Encoding Non-Printable Bytes in Python 3

TL;DR

bytes -> str:

In []: b'\x90\x90\x90\x90'.decode('latin-1')  
Out[]: '\x90\x90\x90\x90'  

str -> bytes:

In []: '\x90\x90\x90\x90'.encode('latin-1')  
Out[]: b'\x90\x90\x90\x90'  

But Why Tho

Sometimes when you're programming or you're playing CTFs, you'll encounter odd binary file formats. In Python 2, it's no problem to use the rb or wb file modes to open those files and process them using standard string methods.

Then, everything changed when Python 3 came out.

In Python 3 it's very likely you will now be dealing with strings and bytes. Bytes are effectively raw computer "bytes" to Python. They are raw 1's and 0's with no context. Strings (which are made up of bytes) must now have encodings which contain their context. Essentially strings are bytes wrapped with an encoding function which dictates how they are to be viewed and processed.

However, strings have some capabilities which bytes do not share. A notable example is the lack of the .format() method in bytes.

In []: b'{}'.format('test')  
---------------------------------------------------------------------------
AttributeError                            Traceback (most recent call last)  
<ipython-input-72a53680a88c> in <module>  
----> 1 b'{}'.format('test')

AttributeError: 'bytes' object has no attribute 'format'  

I generally just use Python 2 because I like it and it's not 2020 yet.

Don't follow my bad habits. Python 3 is the future.

Fast-forward to today where I need to use Python 3 to manipulate some binary data from a file and generate a newly processed file.

Things that won't work

Don't use str.encode('ascii', 'replace') because the end result you get will likely not be right despite seeming right.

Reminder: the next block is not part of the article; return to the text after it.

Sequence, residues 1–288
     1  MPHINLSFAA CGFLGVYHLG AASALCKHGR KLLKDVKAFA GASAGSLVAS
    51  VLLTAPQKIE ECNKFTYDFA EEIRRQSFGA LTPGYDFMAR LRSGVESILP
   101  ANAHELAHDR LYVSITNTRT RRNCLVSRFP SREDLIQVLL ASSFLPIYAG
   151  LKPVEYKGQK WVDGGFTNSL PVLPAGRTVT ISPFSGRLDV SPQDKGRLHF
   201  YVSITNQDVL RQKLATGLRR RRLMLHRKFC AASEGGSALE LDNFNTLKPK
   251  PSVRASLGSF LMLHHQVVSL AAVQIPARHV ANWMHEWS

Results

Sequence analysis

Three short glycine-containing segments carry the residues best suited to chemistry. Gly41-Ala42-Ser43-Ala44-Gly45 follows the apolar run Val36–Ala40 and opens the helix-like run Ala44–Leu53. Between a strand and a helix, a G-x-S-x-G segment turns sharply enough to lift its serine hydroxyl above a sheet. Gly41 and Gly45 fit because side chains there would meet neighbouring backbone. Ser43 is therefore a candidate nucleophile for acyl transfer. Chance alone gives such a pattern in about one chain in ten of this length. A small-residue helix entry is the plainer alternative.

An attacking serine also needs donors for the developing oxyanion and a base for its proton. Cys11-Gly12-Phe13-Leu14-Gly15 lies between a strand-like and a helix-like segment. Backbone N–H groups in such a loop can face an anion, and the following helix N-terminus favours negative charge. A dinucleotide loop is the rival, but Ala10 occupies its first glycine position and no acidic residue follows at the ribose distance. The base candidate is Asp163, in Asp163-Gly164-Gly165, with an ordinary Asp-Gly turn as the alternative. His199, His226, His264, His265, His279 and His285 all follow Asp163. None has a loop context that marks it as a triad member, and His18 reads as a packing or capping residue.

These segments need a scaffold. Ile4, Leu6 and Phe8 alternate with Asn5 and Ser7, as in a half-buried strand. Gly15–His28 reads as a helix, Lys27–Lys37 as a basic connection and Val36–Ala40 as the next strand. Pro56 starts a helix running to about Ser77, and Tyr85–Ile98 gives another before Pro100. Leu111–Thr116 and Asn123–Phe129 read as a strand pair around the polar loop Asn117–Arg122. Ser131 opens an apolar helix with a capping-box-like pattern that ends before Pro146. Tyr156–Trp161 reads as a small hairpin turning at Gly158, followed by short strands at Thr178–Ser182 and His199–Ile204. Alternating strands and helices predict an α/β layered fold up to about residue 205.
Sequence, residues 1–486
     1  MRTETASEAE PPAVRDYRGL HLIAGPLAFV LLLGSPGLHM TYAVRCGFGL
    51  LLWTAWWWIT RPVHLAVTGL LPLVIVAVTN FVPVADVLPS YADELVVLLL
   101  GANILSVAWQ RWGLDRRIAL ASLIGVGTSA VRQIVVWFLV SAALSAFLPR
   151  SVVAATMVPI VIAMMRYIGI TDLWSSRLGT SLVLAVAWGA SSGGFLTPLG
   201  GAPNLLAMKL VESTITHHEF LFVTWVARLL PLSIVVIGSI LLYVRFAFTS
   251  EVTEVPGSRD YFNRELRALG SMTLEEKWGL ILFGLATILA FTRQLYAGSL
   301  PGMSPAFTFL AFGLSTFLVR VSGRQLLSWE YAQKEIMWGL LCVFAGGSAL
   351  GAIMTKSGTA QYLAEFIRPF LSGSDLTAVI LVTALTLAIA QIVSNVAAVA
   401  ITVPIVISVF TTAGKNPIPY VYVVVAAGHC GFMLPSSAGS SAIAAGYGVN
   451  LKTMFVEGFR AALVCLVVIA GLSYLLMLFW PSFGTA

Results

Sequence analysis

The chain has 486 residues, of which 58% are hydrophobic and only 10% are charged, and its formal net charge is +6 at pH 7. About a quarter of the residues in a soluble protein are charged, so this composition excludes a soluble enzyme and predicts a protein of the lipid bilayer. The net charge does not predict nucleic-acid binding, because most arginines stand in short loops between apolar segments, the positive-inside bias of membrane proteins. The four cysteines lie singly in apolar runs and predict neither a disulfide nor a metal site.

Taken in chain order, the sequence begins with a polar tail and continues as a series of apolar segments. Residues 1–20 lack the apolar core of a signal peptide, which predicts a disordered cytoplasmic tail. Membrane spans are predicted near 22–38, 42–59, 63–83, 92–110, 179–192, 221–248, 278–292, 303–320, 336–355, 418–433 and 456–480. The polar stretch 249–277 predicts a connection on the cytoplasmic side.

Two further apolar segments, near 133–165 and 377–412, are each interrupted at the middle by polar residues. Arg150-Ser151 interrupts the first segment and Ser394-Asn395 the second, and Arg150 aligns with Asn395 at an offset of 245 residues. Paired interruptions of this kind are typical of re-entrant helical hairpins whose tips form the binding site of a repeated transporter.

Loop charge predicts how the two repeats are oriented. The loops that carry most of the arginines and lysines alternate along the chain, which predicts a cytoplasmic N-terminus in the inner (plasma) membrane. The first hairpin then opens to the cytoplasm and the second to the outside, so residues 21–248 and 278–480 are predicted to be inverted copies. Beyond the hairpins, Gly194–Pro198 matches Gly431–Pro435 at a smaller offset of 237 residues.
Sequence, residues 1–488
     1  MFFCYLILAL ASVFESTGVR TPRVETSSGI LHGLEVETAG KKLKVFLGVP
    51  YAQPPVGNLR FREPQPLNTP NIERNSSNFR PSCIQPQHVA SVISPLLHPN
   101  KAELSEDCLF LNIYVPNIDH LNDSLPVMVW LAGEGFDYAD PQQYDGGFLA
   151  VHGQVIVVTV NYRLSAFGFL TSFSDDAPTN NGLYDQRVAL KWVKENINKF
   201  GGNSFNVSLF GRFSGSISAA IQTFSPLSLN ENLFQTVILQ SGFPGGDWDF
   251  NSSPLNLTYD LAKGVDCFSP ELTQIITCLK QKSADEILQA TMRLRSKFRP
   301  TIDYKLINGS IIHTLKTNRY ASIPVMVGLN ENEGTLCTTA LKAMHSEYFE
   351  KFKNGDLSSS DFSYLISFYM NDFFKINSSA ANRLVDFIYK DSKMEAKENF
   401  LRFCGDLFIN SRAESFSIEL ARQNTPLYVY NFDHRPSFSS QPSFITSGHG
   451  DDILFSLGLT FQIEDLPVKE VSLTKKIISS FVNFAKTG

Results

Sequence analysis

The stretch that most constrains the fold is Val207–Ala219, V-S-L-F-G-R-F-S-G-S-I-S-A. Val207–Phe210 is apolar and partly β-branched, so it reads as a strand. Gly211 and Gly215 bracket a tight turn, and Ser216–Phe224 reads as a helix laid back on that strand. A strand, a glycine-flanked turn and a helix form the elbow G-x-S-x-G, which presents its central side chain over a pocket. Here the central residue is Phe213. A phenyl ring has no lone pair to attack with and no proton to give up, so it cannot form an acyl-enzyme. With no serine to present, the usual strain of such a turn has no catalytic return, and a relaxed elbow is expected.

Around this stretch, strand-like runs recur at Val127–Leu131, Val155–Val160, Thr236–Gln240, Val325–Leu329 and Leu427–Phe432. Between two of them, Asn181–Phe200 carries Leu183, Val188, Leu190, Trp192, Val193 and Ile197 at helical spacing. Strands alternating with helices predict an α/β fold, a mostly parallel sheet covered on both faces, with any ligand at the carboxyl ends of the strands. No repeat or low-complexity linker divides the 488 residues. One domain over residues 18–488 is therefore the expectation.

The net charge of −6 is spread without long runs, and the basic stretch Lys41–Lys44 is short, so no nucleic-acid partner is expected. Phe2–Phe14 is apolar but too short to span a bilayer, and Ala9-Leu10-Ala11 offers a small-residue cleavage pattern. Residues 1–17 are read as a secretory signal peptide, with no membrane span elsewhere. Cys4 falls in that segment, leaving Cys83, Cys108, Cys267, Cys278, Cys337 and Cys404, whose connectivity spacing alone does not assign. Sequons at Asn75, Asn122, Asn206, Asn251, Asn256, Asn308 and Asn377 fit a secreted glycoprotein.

For example:

In []: b'\x90\x90\x90\x90'.decode('ascii', 'replace')  
Out[]: '����'  # wow non-printable looks cool

In []: test = b'\x90\x90\x90\x90'.decode('ascii', 'replace')

In []: test  
Out[]: '����'

In []: test[0]  
Out[]: '�'

In []: ord(test[0])  
Out[]: 65533  # o no  

Things that will work

If you are trying to round trip raw binary data that you ripped right out of a random file or read from a socket (effectively 0x00 - 0xff) between strings and bytes you want to use the latin-1 encoding to get it done.

bytes -> str:

In []: b'\x90\x90\x90\x90'.decode('latin-1')  
Out[]: '\x90\x90\x90\x90'  

str -> bytes:

In []: '\x90\x90\x90\x90'.encode('latin-1')  
Out[]: b'\x90\x90\x90\x90'  

This works and also took me way too long to figure out while Googling. This works because latin-1 a.k.a ISO 8859-1 encodes up to 255 for all 8 bits in a character. However, ascii is only 7 bits which means sad times once you go beyond 127.

Hopefully this saves you some time since it was quite a gotcha for me. 🐍3💩

Kevin Chung

I like doing computer stuff, playing chess, and playing video games. I ran CSAW CTF for a couple of years and I wrote CTFd which is a popular Capture The Flag framework.

Subscribe to Kevin Chung

Get the latest posts delivered right to your inbox.

or subscribe via RSS with Feedly!